Robinson Jeffers. Jeffers is an interesting case. At the behest of a friend who has been recommending “Apology for Bad Dreams” to me for some time, I bought a short collection of Jeffers’ poems (from Vintage). The volume covers his entire career, though it includes only a small fraction of his voluminous writing. It’s a good introduction to Jeffers, for a perhaps surprising reason: it is half astonishing, half terrible. Moreover, these halves are pretty cleanly separated: I marked 17 of the first 25 poems in the volume as poems I’d like to revisit; of the remaining 33 poems I marked only 4 (and at least one—“Skunks”—was out of pity: only half of the poem was good). What happened? In his early period, Jeffers’ poems gave voice to a hard, lofty disdain: disdain that was chiseled into beautiful form. But, starting around 1941, Jeffers settled into this voice, collapsing into didacticism with only the shadow of his earlier elegance. Why does this make this volume a good introduction? Because the second half of the volume throws the first into sharp relief. The poems in the second half contain the same elements as the earlier poems, but these elements are ill-arranged and ill-proportioned. Their failure makes the delicate balancing act the early Jeffers achieved starkly apparent. Now that I know, however, my next volume of Jeffers will be the first volume of his collected poems.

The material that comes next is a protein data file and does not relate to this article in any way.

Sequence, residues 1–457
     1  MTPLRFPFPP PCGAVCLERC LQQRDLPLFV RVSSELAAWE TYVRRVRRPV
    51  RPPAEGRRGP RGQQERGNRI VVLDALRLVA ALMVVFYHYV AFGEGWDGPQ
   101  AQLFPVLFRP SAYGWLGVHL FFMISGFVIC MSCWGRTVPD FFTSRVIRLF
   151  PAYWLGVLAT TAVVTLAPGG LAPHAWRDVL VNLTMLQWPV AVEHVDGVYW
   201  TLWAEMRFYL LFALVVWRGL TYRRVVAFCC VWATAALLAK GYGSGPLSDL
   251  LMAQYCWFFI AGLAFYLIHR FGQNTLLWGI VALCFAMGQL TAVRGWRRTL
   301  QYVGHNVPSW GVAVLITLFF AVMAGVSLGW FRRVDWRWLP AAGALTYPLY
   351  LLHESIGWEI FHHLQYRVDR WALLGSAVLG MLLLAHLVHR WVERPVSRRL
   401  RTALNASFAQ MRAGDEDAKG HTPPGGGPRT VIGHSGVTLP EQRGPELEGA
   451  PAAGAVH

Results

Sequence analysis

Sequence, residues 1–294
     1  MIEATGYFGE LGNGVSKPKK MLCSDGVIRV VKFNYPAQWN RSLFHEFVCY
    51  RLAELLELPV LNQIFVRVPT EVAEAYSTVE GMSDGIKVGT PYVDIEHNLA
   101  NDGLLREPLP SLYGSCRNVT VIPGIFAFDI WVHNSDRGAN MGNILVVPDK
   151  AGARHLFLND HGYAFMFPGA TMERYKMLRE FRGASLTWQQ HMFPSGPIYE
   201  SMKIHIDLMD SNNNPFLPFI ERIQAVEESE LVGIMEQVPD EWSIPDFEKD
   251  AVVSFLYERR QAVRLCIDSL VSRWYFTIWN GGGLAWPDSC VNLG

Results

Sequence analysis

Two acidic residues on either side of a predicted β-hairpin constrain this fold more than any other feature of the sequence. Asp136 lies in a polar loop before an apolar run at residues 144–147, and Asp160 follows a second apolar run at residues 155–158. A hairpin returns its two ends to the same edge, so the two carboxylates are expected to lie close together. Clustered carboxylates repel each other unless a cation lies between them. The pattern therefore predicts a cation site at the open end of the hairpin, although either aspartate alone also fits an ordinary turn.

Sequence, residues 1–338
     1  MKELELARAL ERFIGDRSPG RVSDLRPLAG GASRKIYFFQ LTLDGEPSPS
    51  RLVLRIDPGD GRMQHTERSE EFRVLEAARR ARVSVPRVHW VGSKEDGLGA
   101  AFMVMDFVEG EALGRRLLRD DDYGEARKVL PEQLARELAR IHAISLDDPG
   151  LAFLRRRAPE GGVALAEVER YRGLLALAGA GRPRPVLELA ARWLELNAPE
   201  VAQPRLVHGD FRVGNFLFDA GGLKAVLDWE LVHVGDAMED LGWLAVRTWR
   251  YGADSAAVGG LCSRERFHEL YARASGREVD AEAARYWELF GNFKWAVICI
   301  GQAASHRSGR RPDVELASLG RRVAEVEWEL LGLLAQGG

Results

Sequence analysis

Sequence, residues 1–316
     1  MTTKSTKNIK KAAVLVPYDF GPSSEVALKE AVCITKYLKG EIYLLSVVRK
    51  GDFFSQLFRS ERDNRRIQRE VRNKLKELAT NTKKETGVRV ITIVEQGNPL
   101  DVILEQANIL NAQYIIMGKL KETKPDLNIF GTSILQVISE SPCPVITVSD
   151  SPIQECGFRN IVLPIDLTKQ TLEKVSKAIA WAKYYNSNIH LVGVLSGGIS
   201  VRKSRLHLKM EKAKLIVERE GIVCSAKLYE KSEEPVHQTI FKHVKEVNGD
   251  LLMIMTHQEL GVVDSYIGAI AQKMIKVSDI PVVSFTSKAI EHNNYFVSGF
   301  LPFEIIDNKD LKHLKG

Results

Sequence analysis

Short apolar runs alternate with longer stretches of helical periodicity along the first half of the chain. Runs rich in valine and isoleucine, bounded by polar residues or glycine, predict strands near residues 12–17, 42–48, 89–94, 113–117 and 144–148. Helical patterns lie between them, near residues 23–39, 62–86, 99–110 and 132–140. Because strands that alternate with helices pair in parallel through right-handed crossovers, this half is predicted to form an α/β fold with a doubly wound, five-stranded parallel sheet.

Gerard Manley Hopkins. I’ve loved Hopkins for quite some time, but only for a select few poems. This year, I finally read the core of his work (Poems 1876-1889) straight through. In the end, I think Hopkins remains a poet whose reputation is rightfully stake on a handful of his best poems: the volume was uneven, with plenty of poems that ranged from unremarkable to simply bad. But, at his best, Hopkins was the most dazzling wordsmith in the English language. One of his sonnets begins with what is the finest single line I know: “As kingfishers catch fire, dragonflies draw flame.” That line is nothing less than a miracle (the rest of the poem is also magnificent). The poems in which he confronts his depression are… I’ve spent minutes trying to think how to end that sentence, and the best I can come up with is “accurate.” They are, but this undersells them. If you have ever felt what he describes in those poems, the recognition they prompt is chilling.

Susan Howe. I read a handful of new poetry books in 2017, but only Susan Howe’s Debths made a strong impression (see here). I tend not to be sympathetic to “experimental” poetry unless I can feel the way it creates meaning. Howe certainly meets that test. The two collage poems in the book cleverly and effectively capture the stream of consciousness: the interplay between its shifting center and frayed periphery. It is a difficult book to summarize, but I cannot recommend it highly enough. (By contrast, the other new release I read from the publisher New Directions,—Nathaniel Tarn’s Gondwana—was a joyless work, complete with Tarn’s needless entry into that needless genre of poetry that fabricates Emily Dickinson’s sex life.)